CHICAGO — General Motors Co. said it is working in the short term to repay U.S. and Canadian government loans and in the longer term to become a publicly held corporation again.
The company, which emerged from Chapter 11 bankruptcy reorganization last summer, this week reported a net loss attributed to shareholders of $4.3 billion for the period from July 10 to Dec. 31, 2009, on global revenue of $57.5 billion. The Form 10-K filing with the U.S. Securities and Exchange Commission falls under “fresh start” accounting rules. The “Old GM” reported net income of $109.1 million for the period from Jan. 1 to July 9 on revenue of $47.1 billion.
The second-half loss included the pre-tax impact of a $2.6-billion settlement related to the United Auto Workers union retiree medical plan and a $1.3-billion foreign currency re-measurement loss, the automaker said in its filing.
“We are building the foundation that will allow us to return to public ownership,” vice chairman and chief financial officer Chris Liddell said in a statement. “Completing fresh-start accounting is an important step in that process.”
As of Dec. 31, the U.S. Treasury owned 304.1 million shares of GM, or 60.8 percent of its common stock, while the Canadian government owned 11.7 percent. GM last year borrowed approximately $48.7 billion from U.S. taxpayers under Treasury Department debtor-in-possession finance arrangements and other loans.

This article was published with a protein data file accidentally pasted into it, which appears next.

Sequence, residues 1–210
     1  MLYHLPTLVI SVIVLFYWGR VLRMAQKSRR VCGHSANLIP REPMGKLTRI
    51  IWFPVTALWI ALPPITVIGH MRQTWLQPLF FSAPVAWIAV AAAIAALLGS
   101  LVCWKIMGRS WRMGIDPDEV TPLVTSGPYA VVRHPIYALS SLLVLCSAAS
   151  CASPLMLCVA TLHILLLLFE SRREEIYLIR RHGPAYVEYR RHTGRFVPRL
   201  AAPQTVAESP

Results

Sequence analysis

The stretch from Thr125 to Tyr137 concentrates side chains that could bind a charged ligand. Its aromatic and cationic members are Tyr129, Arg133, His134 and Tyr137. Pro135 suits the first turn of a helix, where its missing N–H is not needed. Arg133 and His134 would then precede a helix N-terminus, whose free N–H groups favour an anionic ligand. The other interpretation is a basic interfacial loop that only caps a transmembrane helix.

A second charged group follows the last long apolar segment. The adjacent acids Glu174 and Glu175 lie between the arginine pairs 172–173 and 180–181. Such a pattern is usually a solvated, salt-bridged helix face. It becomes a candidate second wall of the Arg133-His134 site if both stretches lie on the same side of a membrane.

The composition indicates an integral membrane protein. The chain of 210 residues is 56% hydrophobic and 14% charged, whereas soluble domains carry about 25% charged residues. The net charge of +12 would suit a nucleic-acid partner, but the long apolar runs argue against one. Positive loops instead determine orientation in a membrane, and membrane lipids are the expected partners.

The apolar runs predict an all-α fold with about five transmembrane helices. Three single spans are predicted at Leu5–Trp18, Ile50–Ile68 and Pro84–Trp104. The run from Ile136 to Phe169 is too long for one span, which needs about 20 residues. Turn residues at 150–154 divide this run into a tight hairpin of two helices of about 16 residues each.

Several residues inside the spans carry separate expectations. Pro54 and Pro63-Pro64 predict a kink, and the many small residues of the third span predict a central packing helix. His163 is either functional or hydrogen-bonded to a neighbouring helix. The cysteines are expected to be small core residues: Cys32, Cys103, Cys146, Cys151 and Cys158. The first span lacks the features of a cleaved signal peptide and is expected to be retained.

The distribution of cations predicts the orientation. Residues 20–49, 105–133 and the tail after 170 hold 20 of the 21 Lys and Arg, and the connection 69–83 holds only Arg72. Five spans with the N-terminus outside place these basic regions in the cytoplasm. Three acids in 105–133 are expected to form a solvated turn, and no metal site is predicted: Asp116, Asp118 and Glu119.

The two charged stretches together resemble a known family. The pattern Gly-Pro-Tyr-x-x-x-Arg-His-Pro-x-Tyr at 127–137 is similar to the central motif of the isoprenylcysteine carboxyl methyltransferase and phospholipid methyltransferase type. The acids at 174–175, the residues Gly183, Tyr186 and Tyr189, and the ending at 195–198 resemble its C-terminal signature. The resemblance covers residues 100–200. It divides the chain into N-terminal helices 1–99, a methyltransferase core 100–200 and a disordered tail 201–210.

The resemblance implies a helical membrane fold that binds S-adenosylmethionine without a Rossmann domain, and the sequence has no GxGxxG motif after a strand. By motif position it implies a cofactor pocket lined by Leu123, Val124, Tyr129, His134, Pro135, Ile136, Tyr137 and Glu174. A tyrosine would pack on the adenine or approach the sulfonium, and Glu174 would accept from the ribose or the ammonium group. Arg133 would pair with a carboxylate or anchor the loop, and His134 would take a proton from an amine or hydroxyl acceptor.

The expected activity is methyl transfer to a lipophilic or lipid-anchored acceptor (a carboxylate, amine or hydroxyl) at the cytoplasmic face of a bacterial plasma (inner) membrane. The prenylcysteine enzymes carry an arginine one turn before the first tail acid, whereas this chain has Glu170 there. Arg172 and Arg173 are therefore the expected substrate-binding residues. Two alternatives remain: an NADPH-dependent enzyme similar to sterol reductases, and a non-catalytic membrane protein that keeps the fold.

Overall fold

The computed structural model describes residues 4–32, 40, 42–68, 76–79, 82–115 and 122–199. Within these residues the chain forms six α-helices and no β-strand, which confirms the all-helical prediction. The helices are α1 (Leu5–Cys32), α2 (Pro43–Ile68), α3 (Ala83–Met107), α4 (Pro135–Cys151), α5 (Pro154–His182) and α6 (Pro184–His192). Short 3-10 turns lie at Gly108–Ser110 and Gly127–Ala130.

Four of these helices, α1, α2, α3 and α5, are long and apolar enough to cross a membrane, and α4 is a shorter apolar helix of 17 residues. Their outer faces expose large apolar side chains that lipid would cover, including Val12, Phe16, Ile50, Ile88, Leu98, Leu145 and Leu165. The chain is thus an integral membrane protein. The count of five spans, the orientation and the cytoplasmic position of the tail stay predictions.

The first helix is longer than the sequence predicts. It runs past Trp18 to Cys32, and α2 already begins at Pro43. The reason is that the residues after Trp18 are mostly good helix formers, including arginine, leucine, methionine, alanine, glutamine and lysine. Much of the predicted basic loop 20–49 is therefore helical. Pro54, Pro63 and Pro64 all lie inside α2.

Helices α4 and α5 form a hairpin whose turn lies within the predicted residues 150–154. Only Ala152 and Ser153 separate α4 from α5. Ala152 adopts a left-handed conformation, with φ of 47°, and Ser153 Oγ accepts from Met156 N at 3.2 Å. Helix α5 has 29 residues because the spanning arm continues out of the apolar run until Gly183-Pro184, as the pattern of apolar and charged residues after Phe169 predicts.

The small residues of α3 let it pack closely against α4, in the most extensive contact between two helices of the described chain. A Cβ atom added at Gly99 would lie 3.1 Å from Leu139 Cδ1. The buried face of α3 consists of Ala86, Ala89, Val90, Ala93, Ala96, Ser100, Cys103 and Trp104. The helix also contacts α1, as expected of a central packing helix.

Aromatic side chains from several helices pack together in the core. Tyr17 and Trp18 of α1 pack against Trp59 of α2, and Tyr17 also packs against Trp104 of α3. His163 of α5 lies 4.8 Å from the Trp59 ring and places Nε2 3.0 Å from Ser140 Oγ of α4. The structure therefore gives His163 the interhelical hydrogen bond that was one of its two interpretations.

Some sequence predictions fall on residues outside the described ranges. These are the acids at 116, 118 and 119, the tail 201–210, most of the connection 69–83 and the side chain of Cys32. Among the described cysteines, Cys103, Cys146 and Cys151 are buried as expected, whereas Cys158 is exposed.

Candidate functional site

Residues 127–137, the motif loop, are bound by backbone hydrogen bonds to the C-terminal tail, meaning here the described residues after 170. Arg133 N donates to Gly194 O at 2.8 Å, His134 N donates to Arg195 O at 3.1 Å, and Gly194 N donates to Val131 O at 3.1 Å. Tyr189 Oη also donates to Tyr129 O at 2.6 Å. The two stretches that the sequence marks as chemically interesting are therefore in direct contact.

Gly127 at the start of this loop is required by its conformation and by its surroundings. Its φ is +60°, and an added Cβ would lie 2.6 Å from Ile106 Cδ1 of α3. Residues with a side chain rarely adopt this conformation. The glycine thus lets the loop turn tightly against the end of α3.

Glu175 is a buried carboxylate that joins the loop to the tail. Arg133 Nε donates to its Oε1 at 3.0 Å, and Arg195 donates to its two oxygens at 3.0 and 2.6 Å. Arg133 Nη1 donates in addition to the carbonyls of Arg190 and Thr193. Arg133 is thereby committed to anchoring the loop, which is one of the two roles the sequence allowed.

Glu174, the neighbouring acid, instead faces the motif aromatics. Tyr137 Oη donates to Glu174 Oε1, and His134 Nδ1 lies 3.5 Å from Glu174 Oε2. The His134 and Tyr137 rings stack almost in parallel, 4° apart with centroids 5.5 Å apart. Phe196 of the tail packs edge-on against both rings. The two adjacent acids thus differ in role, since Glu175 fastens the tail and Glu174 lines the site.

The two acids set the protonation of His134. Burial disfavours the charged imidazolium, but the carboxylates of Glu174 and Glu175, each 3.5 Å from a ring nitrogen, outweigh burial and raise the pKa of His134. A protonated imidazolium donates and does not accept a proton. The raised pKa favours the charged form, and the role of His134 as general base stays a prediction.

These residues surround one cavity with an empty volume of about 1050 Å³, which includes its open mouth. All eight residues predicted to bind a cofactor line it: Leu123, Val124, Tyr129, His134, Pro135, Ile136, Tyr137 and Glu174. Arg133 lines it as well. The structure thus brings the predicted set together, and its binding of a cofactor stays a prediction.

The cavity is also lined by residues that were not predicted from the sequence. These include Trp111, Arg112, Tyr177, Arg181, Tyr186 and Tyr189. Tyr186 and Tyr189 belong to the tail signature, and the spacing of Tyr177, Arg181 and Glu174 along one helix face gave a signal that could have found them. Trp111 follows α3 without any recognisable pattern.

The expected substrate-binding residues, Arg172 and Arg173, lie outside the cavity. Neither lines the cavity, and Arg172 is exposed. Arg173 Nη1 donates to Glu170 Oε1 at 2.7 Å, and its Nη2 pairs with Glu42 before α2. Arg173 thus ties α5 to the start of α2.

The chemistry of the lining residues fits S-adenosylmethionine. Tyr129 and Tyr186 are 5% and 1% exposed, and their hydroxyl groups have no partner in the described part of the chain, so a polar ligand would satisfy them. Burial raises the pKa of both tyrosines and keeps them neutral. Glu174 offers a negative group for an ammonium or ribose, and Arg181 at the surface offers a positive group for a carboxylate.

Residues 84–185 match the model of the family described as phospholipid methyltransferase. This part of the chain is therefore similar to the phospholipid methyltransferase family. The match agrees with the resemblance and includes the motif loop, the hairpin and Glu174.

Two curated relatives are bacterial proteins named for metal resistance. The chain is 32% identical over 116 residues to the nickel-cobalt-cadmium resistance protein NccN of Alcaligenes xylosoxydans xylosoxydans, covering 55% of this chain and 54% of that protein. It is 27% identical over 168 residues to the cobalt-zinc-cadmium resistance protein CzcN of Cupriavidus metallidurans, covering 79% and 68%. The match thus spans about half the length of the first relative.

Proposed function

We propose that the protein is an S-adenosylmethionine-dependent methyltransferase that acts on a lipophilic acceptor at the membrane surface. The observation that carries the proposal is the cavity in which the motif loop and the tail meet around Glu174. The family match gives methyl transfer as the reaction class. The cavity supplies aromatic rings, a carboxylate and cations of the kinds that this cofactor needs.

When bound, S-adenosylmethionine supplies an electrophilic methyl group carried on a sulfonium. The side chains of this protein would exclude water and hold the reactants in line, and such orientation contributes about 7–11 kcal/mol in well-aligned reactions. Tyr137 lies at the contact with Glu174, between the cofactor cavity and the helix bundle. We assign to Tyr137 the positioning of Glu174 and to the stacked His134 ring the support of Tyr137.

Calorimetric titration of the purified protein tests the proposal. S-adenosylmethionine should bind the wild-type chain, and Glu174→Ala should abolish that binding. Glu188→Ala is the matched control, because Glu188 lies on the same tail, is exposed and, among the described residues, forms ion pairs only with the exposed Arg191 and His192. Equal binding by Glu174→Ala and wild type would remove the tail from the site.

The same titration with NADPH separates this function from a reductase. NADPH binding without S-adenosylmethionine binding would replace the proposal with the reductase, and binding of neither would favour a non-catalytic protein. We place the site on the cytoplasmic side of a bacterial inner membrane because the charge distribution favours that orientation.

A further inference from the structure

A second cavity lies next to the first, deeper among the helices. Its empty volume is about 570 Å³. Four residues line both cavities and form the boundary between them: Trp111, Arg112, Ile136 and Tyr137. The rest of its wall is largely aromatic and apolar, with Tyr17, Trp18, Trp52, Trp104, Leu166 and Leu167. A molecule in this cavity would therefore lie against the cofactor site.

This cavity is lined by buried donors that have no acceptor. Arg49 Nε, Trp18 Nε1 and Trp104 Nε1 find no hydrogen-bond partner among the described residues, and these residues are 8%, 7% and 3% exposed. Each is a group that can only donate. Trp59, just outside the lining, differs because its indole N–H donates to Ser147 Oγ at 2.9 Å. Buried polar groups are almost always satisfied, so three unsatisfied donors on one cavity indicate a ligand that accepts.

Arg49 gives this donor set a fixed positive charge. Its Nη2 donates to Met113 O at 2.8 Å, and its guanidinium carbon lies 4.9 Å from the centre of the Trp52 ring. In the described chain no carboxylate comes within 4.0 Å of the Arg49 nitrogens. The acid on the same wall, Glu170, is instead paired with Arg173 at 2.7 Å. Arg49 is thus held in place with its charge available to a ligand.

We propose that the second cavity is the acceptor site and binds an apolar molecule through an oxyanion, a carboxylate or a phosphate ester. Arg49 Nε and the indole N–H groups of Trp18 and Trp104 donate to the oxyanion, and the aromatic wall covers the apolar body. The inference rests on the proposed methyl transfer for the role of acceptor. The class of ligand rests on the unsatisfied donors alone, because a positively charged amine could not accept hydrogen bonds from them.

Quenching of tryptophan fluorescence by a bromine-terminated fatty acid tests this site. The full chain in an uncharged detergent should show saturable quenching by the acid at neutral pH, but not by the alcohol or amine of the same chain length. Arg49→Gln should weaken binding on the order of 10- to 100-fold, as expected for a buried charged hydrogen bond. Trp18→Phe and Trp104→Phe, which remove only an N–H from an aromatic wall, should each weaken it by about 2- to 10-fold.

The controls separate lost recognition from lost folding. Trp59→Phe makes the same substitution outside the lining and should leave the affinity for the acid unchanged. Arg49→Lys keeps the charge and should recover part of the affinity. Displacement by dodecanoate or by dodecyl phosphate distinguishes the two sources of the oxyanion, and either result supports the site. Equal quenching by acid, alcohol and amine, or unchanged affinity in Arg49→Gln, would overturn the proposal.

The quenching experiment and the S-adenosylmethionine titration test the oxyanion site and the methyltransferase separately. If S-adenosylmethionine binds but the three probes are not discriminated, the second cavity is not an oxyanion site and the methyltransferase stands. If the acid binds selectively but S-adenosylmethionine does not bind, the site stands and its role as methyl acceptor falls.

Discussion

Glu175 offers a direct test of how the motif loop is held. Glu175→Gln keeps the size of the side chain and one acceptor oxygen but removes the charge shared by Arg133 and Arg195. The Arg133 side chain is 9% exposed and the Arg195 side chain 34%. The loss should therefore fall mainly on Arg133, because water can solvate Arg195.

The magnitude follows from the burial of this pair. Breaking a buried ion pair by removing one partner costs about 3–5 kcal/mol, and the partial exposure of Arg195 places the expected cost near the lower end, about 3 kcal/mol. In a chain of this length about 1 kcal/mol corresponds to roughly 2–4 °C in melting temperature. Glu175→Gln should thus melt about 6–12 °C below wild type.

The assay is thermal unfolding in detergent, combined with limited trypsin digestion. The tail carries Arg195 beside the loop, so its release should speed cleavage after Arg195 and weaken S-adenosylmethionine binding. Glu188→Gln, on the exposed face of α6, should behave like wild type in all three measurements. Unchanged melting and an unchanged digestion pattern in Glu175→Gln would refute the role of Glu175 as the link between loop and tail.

Going public would enable GM to invest “in designing, building and selling the world’s best vehicles, attract the best people and access the capital markets. One of the most important measures in establishing the foundation for going public is the company’s ability to return to sustainable profitability,” Liddell said.
But as last year’s financial results show, “there is still significant work to be done,” he said. “I continue to believe we have a chance of achieving profitability in 2010. We are dedicated to delivering on our commitments to our stakeholders. For example, we remain committed to repaying the outstanding balance of the U.S. Treasury and Export Development Canada loans by June 2010 at the latest.”
Meanwhile, GM said this week it is adding more than 100 workers to the second shift at its Warren, Mich., transmission plant to meet growing customer demand for models currently in high demand. The Warren plant supplies transmissions for the Chevrolet Equinox, Impala, Malibu and Traverse, the Buick Enclave, LaCrosse and Lucerne and the GMC Acadia and Terrain models, a line-up that “includes some of the hottest-selling vehicles in the United States,” the company said.
“Increased market demand is driving expansion of our production operations,” plant manager Dave Tatman said in a statement. “Additional jobs will allow us to grow the business while meeting increasing customer demand for our products.”
The plant employs about 660 hourly and 120 salaried workers.